Making an Offer
When you have chosen the home that you want to make an offer on, you first need to decide how much to offer. Then your buyer's agent will prepare a written contract that sets out how much you are offering, together with any other contingencies and conditions that you require.
It is important to be aware that this contract will be legally binding on you if the seller agrees to your terms and signs it. You do not have the option of withdrawing your offer later without losing your deposit, unless the contract includes contingencies that allow you to do so under certain conditions.
The main features of the offer, as set out in the contract, are as follows:
The price you are offering.
The amount of the good faith deposit that you will put into escrow.
The date that you wish to close on the purchase.
Any financing or other contingency - for example, if you want to make the purchase conditional on being able to obtain a mortgage at acceptable terms.
Any other conditions that you require, for example that the furnishings be included in the sale, that advance bookings convey, etc.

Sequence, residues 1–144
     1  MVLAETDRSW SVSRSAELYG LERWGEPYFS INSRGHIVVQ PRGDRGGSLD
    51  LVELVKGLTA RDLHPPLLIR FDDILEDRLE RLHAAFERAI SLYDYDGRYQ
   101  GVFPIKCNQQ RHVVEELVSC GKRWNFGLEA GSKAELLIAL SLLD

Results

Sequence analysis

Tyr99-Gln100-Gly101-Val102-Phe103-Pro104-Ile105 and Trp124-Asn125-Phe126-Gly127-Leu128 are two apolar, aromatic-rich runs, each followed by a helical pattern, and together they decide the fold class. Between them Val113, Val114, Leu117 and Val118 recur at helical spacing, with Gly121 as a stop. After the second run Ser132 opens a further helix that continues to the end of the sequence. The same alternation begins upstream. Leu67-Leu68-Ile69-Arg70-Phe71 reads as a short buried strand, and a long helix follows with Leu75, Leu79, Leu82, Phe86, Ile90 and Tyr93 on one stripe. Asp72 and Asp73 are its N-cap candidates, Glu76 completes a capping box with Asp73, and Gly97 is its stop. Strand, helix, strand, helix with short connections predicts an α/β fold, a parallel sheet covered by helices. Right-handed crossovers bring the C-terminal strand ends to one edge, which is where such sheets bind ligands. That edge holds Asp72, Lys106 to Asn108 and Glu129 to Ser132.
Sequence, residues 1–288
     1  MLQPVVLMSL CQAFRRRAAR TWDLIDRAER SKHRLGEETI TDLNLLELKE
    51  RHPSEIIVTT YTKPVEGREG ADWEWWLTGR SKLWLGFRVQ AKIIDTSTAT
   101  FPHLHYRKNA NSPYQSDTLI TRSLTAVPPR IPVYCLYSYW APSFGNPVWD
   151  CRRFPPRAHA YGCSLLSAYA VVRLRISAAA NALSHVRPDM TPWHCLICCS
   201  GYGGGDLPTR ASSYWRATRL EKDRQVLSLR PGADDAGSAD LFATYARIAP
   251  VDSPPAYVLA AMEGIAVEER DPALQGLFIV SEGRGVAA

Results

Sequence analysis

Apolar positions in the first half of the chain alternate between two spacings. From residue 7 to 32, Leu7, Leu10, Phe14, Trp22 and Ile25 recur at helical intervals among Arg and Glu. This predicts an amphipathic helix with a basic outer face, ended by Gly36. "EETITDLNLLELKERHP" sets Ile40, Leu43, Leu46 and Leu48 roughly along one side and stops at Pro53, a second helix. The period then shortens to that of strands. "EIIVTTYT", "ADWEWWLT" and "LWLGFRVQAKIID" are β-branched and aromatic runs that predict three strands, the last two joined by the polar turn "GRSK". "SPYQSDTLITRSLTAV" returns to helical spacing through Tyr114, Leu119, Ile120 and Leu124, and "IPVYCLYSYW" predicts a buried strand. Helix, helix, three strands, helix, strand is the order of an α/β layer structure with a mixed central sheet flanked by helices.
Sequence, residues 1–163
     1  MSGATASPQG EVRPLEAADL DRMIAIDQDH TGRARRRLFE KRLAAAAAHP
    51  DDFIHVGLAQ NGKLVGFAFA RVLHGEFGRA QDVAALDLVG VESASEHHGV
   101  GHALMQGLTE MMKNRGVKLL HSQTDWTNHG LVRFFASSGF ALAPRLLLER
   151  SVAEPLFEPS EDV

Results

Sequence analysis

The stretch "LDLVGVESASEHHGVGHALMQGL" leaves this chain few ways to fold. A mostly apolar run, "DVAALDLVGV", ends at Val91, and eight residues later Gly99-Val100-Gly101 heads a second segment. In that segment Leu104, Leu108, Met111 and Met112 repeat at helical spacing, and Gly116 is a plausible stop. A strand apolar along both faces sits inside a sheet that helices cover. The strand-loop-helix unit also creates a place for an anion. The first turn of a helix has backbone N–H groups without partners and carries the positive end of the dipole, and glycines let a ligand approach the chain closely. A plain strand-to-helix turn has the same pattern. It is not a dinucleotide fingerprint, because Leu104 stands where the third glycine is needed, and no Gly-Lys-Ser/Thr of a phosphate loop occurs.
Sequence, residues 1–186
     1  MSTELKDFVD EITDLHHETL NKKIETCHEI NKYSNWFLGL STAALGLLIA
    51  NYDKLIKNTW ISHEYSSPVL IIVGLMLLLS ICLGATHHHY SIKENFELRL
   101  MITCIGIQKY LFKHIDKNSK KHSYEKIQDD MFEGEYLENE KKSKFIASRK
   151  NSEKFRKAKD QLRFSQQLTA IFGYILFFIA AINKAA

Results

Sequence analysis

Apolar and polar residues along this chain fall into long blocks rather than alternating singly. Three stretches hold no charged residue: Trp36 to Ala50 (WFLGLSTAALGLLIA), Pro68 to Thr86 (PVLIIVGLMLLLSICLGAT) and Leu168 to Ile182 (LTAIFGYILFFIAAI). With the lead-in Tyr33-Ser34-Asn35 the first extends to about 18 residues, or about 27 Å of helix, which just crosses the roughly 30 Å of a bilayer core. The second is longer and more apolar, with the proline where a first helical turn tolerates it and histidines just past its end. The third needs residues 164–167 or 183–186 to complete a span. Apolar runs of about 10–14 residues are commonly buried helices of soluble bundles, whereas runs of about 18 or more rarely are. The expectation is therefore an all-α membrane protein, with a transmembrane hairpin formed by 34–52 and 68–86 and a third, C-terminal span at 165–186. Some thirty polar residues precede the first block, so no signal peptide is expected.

The amount that the seller will be committed to spend to put right any defects identified by the home inspection.
The contract that your buyer's agent will most likely use to present your offer to the seller's agent is a standard form, called the FAR/BAR Contract for Sale and Purchase.
This is a form of contract that has been approved by the Florida Association of Realtors (FAR) and the Florida Bar.
You should make sure that everyone whose name will appear on the title deed to the property is included on the contract, and that each purchaser signs the contract.
Your buyer's agent will work through the contract with you, explain what each section means, and make sure that you understand everything that you are committing yourself to by signing it. You should not sign until you are sure that you understand every aspect of the contract.
When you have signed the offer, your agent will transmit it to the seller's agent, who will in turn make the seller aware of it. The seller then has a period of time as specified in the contract (usually two days) in which to respond by accepting the offer, rejecting it, or coming back with a counter-offer.
If the seller does not accept your offer within the stated time, or if he comes back with a counter-offer, the original offer is 'dead'. If the seller has put a counter-offer on the table the ball is now in your court. You in turn can reject it, accept it, or counter back with a compromise offer.